(520h) Combined Density Functional Theory and Molecular Dynamics Study of Aqueous Reforming of Glycerol on Pt (111) Via Competitive C-H and O-H Dehydrogenation

Authors: 
Xie, T., Clemson University
Getman, R., Clemson University
Bodenschatz, C., Clemson University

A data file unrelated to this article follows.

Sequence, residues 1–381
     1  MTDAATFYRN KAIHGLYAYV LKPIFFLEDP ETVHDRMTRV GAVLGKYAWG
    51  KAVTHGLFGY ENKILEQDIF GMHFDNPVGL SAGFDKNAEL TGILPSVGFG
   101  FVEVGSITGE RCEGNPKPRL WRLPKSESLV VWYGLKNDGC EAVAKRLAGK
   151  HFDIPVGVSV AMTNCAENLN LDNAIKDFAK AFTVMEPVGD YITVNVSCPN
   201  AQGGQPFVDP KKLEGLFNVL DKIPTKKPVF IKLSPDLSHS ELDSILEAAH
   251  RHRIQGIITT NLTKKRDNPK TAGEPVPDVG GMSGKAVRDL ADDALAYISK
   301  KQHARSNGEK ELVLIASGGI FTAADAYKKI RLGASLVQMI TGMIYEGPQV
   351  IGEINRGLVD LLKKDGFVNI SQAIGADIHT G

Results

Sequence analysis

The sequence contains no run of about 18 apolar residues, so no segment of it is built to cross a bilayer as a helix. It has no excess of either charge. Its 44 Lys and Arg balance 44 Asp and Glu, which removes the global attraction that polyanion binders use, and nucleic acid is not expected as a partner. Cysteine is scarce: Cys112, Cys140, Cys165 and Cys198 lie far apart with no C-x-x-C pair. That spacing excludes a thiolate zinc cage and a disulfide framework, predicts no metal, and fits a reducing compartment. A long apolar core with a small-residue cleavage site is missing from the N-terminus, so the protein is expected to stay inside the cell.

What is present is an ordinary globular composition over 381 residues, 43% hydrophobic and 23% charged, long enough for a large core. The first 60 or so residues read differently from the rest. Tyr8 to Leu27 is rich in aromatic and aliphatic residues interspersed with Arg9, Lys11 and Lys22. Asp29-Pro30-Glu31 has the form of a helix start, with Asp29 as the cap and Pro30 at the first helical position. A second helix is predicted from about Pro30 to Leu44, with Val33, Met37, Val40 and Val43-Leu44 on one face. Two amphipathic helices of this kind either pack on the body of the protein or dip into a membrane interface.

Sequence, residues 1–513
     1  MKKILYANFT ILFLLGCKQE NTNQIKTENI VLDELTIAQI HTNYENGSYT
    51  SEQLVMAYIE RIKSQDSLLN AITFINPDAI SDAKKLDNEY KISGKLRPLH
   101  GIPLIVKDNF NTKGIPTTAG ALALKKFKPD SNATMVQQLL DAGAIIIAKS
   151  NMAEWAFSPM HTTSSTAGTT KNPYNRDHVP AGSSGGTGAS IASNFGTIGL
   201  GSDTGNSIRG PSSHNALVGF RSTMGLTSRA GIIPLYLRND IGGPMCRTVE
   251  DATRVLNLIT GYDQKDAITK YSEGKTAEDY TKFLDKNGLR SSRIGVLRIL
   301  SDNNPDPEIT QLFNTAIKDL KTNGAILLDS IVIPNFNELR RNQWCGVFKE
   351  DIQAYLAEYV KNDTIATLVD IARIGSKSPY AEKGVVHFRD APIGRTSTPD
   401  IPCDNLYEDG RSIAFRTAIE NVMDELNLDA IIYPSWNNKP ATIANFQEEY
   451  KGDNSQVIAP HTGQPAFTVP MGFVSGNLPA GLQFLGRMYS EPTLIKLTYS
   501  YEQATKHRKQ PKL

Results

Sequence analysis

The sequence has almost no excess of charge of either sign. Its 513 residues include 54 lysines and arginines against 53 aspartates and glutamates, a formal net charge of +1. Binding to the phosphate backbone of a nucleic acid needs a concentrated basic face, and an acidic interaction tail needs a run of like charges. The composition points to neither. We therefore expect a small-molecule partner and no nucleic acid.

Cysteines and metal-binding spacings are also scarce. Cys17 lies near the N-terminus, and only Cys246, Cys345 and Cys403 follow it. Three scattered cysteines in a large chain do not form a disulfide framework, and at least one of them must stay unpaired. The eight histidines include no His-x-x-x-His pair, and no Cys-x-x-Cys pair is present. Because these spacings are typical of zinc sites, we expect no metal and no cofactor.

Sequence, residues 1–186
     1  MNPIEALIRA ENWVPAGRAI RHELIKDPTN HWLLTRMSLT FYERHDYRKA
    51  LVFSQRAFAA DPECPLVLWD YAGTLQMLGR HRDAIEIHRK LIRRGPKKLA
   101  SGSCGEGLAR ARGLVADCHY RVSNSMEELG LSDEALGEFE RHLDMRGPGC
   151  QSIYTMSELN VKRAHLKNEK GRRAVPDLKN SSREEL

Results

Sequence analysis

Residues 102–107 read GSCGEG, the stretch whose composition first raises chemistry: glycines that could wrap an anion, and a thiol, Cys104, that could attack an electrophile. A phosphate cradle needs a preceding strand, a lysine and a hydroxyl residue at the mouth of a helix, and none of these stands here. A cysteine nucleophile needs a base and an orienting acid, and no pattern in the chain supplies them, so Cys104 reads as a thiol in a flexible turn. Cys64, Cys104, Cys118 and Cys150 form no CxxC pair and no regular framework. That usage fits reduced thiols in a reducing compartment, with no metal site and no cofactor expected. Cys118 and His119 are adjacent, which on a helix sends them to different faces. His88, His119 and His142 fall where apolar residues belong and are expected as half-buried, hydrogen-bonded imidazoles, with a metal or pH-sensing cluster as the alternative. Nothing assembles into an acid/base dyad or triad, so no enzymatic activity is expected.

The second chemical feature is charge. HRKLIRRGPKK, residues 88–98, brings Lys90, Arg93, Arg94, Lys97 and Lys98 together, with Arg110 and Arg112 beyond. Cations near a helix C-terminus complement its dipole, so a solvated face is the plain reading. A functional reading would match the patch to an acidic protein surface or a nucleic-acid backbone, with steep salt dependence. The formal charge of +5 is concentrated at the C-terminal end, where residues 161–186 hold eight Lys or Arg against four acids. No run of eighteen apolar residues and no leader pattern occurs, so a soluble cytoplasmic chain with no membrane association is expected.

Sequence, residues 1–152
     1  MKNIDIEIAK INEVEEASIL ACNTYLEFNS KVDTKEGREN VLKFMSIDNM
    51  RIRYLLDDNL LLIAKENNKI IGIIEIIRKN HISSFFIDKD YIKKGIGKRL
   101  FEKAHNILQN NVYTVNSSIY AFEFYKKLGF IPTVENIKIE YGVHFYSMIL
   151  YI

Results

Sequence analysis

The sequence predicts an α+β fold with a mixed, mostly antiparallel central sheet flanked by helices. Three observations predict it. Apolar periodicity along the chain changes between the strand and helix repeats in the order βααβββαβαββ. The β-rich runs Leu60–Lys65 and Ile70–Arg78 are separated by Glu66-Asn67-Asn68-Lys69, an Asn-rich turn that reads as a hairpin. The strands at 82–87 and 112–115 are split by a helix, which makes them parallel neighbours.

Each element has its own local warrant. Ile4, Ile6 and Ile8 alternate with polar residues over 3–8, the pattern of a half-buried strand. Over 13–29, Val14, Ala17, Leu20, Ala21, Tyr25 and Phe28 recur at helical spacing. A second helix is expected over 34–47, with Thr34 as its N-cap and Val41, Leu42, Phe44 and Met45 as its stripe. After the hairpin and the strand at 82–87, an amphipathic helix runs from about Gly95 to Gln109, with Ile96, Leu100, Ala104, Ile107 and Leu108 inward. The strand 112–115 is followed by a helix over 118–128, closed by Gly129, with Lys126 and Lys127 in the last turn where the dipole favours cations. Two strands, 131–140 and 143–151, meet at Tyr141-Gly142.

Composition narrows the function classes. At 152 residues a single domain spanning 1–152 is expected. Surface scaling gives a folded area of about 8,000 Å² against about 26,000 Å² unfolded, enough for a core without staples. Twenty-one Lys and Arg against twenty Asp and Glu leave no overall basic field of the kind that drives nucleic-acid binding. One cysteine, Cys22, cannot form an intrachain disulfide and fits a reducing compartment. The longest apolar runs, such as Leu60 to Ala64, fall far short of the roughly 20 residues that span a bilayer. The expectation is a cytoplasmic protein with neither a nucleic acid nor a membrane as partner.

Glycerol is the most abundant byproduct in biodiesel production, and it can be catalyzed into H2 and valuable liquid phase products such as 1-propanol, lactic acid, and ethylene glycol through aqueous phase reforming (APR). In this work, we use computational methods to study reactions in Pt (111)-catalyzed glycerol dehydrogenation pathways under aqueous conditions. Studying the reaction in aqueous conditions adds complexities to the analysis, since liquid systems involve large numbers of configurations that contribute to the system energies, meaning that multiple configurations must be sampled for each reaction intermediate. Given that glycerol decomposition can include dehydrogenation, dehydration, decarboxylation, hydrolysis and other processes, to study all of the reactions along all the pathways for glycerol APR would require significant amount of effort, while only a fraction of them are of importance to the overall mechanism. Because of the large reaction network and the need to study it in liquid conditions, we are seeking ways to rapidly estimate energies of reaction intermediates under aqueous conditions, in order to identify the most important intermediates and reactions. We present a two-step process aimed at rapidly estimating the energies of intermediates as well as their interaction energies with liquid water. Firstly, the binding energies of intermediates are estimated in vacuum by a linear scaling relationship obtained from density functional theory (DFT) results. Secondly, the structures are simulated in an explicit liquid water environment using molecular dynamics (MD). In this step, Lennard-Jones plus Coulombic (LJ+C) potentials are used to calculate the water/adsorbate interaction energies. Aqueous phase reaction energies are then calculated by summing the vacuum phase reaction energies and the difference in interaction energies between products and reactants. Using this approach, we evaluate intermediates and reaction steps in the aqueous phase glycerol decomposition reaction network, in an attempt to begin to understand the mechanism of glycerol APR. Our estimations are validated using a fully-DFT procedure previously reported by Bodenschatz, Sarupria, and Getman (J. Phys. Chem. C, 2015). Future work aimed at rapidly estimating the kinetics of these reactions is discussed.